MUNICH, GERMANY (AFP) - Ukrainian President Volodymyr Zelensky said on Saturday (Feb 19) that his country was a "shield" against Russia and deserved more support in the face of a feared Russian invasion, as Moscow test-fired nuclear-capable missiles in a defiant show of force.
In a speech at the Munich Security Conference, Zelensky condemned "a policy of appeasement" towards Moscow.
"For eight years, Ukraine has been a shield. For eight years, Ukraine has been holding back one of the greatest armies in the world," said Zelensky, who travelled to Munich despite shelling in his country's conflict-torn east that left two Ukrainian soldiers dead.
He demanded "clear, feasible timeframes" for Ukraine to join the US-led Nato military alliance - a prospect that Moscow has said would be a red line for its security.
But he said he was willing to meet with Vladimir Putin, to find out "what the Russian president wants".
Western officials in Munich continued to raise the alarm about Moscow's intentions towards Ukraine, after US President Joe Biden said on Friday that he was "convinced" Putin planned to invade, including with an attack on the capital Kyiv, within days.
They again warned of enormous sanctions if Russia attacks, with US Vice-President Kamala Harris saying this would only see Nato reinforce its "eastern flank" and British Prime Minister Boris Johnson urging the West to "stand strong together".
Strategic missile tests
The increasingly fraught warnings of an invasion, intense clashes in Ukraine's east and the evacuation of civilians from Russian-backed rebel regions have brought fears of a major conflict in Europe to their highest after weeks of tensions.
The Kremlin insists it has no plans to attack its neighbour, but Moscow has done little to reduce tensions, with state media accusing Kyiv of plotting an assault on rebel-held pro-Russia enclaves in eastern Ukraine.
Saturday's exercises of strategic forces saw Russia test-fire its latest hypersonic, cruise and nuclear-capable ballistic missiles.
Russian television showed images of Putin and Belarusian leader Alexander Lukashenko sitting at a round table in the Kremlin situation room, in front of a bank of screens showing military commanders during the test.
"All the missiles hit their targets, confirming their performance objectives," the Kremlin said, adding that the drills included ground launchers, Tu-95 bombers and submarines.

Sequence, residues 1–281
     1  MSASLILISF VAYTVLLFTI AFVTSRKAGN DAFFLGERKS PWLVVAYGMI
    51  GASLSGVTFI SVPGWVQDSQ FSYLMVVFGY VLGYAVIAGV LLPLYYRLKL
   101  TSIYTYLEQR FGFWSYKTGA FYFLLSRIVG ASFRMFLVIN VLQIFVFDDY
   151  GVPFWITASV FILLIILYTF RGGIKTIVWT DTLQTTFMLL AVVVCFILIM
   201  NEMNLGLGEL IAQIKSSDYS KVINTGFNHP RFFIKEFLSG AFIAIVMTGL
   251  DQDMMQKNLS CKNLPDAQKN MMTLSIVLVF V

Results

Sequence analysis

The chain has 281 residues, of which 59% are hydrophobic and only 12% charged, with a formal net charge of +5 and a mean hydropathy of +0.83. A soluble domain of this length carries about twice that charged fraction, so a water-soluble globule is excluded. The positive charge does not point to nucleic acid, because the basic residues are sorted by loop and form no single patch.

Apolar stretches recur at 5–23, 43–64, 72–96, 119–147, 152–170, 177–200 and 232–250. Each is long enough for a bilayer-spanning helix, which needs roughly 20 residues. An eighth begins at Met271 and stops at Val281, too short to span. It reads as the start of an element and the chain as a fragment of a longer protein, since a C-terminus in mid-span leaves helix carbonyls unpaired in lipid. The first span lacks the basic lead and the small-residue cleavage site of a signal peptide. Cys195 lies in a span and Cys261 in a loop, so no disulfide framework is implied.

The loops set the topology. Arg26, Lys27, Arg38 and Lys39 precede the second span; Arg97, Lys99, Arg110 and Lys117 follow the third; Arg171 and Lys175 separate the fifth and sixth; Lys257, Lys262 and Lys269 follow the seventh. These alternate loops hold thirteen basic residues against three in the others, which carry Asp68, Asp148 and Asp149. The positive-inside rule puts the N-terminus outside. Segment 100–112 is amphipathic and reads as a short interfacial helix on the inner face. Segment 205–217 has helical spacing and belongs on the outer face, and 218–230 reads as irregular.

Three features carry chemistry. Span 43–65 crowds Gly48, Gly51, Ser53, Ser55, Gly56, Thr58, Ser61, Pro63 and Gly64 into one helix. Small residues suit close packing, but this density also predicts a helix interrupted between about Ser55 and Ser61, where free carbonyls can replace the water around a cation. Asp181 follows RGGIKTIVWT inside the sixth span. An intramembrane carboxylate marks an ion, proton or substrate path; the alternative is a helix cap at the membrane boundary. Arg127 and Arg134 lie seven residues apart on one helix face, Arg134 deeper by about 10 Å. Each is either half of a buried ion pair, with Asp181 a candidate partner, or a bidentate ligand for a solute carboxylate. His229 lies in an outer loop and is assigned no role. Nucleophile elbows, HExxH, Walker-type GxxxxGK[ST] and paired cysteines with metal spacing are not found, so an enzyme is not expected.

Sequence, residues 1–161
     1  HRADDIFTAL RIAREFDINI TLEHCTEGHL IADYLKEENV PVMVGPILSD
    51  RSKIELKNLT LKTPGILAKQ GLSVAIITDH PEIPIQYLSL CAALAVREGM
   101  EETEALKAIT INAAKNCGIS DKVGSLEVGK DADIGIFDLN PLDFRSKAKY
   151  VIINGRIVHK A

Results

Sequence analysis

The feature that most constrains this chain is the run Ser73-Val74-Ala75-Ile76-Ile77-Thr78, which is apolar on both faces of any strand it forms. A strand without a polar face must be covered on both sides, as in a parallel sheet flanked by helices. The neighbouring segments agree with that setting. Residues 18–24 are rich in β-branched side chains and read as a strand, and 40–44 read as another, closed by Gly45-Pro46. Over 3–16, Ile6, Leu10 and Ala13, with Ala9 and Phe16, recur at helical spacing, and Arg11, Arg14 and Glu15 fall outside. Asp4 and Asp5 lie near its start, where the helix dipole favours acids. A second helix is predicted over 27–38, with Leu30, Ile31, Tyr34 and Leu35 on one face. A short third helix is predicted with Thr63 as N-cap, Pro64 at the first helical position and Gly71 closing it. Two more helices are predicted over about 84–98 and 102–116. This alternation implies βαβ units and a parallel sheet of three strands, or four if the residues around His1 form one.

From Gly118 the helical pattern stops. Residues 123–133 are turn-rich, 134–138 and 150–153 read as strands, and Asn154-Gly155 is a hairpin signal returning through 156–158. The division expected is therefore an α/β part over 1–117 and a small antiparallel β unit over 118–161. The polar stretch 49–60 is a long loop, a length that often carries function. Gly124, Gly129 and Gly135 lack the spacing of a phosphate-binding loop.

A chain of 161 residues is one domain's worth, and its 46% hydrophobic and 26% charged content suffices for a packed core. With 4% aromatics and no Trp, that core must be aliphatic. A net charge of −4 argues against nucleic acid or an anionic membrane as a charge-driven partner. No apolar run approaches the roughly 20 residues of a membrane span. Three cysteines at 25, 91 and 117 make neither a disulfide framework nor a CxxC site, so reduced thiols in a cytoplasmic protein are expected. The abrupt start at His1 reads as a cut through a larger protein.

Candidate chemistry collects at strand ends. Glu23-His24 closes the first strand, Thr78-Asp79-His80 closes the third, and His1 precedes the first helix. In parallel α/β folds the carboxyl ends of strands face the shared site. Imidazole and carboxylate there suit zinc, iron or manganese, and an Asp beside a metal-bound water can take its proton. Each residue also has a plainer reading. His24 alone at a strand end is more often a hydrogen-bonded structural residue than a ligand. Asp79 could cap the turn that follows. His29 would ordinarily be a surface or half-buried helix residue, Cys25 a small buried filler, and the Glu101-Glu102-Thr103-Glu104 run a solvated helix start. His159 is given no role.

The United States insists that, with some 150,000 Russian troops on Ukraine's borders - as many as 190,000, when including the Russian-backed separatist forces in the east - Moscow has already made up its mind to invade.
Some of the Russian forces, around 30,000 troops, are in Belarus for an exercise which is due to end on Sunday. Moscow has said that these forces will return to barracks, but US intelligence is concerned that they could take part in an invasion of Ukraine.
Russia has announced a series of withdrawals of its forces from near Ukraine in recent days, saying they were taking part in regular military exercises and accusing the West of "hysteria" with claims of an invasion plan.
But Putin has also stepped up his rhetoric, reiterating demands for written guarantees that Ukraine will never be allowed to join Nato and that the alliance roll back deployments in eastern Europe to positions from decades ago.
'Dramatic increase' in clashes
The volatile frontline between Ukraine's army and separatists in the breakaway regions of Donetsk and Lugansk has seen a "dramatic increase" in ceasefire violations, international monitors from the OSCE said.
Hundreds of artillery and mortar attacks were reported in recent days, in a conflict that has rumbled on for eight years and claimed the lives of more than 14,000 people.
Ukraine's army and separatist forces traded accusations of fresh shellfire on Saturday, with Kyiv saying two of its soldiers had died in a shelling attack, the first fatalities in the conflict in more than a month.
A dozen mortar shells fell within a few hundred metres of Ukraine's interior minister on Saturday as he met journalists on a tour of the front line.
The minister, Denys Monastyrskiy, was forced to seek cover as the shells exploded, shortly after he gave on camera interviews to international media, AFP correspondents saw.
The rebels declared general mobilisations in the two regions, calling up men to fight even as they announced mass evacuations of women and children into Russia.
Moscow and the rebels have accused Kyiv of planning an assault to retake the regions, claims fiercely denied by Ukraine and dismissed by the West as part of Russian efforts to manufacture a pretext for war.
Russian investigators said they had opened a probe into media reports that a shell fired by Ukrainian forces had exploded about a kilometre across the border in Russia's Rostov region, without causing damage or injuries.
Ukrainian Foreign Minister Dmytro Kuleba denounced reports of Ukrainian shells falling on Russian territory as "fake".
Germany and France on Saturday urged their citizens to leave Ukraine.
Both German airline Lufthansa and Austrian Airlines said they would stop flights to Kyiv and Odessa from Monday until the end of February, but would maintain flights to western Ukraine.